After Illinois man withdraws a plea that exposed him to a likely 35-year sentence for, among other things, distributing heroin, the government returns a superseding indictment including additional charges that expose him to a likely 60-year sentence. He goes to trial, is convicted, and is sentenced to 65 years' imprisonment. But wait! Three weeks after the trial, it comes to light that the man's defense lawyer is addicted to heroin and has struggled with substance abuse for quite some time. New defense counsel to district court: We'd like a new trial, please, or at least an evidentiary hearing on whether former counsel's heroin addiction yielded such bottom-shelf performance as to violate the client's Sixth Amendment right to effective counsel. Prosecutor: No way. Defense counsel was not “impaired at any relevant time” District court: No new trial. Two-thirds of a Seventh Circuit panel: Two things—(1) 25 years of the guy's sentence are incorrect, so he needs a new sentencing; and (2) the district court needs to hold an evidentiary hearing on the whole heroin-addicted-defense-lawyer situation. “Not only had his appointed counsel never tried a federal criminal case, he also—according to an uncontested police report—was addicted to and using heroin before, during, and after trial.”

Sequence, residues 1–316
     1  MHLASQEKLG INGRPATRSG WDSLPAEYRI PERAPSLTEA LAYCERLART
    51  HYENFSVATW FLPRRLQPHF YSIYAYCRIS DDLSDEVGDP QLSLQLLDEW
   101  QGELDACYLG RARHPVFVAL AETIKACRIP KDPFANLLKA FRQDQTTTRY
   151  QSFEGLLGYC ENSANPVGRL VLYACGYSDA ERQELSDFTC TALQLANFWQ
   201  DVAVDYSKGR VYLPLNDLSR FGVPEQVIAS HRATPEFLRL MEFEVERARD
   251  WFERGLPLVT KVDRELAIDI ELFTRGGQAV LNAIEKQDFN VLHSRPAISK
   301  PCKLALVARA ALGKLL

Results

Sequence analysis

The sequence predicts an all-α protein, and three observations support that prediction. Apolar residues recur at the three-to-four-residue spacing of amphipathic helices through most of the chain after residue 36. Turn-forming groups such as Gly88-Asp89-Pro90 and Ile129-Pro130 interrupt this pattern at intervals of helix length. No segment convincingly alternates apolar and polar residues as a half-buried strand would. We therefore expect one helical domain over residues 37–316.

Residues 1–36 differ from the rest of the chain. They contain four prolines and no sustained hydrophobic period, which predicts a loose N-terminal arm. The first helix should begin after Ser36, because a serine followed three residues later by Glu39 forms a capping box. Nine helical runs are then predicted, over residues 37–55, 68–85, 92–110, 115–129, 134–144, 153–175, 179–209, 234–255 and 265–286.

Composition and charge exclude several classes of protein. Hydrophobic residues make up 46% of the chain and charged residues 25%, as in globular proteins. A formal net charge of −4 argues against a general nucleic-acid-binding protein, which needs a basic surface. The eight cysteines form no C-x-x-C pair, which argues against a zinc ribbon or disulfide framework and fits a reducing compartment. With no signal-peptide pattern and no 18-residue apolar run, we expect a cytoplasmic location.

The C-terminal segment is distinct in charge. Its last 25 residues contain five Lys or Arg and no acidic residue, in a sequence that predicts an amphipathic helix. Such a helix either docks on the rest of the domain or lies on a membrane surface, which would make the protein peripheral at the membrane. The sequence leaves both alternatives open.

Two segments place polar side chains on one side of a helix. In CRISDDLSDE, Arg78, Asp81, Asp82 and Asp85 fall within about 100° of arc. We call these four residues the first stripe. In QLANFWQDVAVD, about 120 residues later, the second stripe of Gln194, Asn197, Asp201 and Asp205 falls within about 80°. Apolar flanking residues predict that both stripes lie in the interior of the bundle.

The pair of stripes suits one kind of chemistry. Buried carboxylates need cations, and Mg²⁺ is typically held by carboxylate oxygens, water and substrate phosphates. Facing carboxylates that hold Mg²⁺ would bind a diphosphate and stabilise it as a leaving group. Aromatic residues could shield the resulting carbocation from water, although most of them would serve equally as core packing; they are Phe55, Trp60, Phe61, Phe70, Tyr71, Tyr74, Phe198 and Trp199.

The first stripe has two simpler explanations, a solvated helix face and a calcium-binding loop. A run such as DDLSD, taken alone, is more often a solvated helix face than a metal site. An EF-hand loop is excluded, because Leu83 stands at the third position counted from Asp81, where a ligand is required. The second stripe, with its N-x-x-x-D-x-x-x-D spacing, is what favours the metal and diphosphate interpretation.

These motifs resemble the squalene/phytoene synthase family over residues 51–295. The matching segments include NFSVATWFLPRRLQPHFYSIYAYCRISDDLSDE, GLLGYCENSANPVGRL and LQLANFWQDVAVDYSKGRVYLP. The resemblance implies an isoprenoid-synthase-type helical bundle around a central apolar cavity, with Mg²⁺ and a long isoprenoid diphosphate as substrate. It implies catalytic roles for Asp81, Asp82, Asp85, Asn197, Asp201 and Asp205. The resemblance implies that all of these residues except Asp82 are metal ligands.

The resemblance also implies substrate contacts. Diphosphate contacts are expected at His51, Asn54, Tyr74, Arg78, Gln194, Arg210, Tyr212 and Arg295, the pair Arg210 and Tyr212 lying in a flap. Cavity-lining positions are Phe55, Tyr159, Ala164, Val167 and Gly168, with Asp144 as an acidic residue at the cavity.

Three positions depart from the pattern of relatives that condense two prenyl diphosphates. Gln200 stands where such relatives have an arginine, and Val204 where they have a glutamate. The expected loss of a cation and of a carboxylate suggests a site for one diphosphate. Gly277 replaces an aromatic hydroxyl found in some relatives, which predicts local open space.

The case is United States v. Evans, No. 22-1195 (7th Cir. July 24, 2023).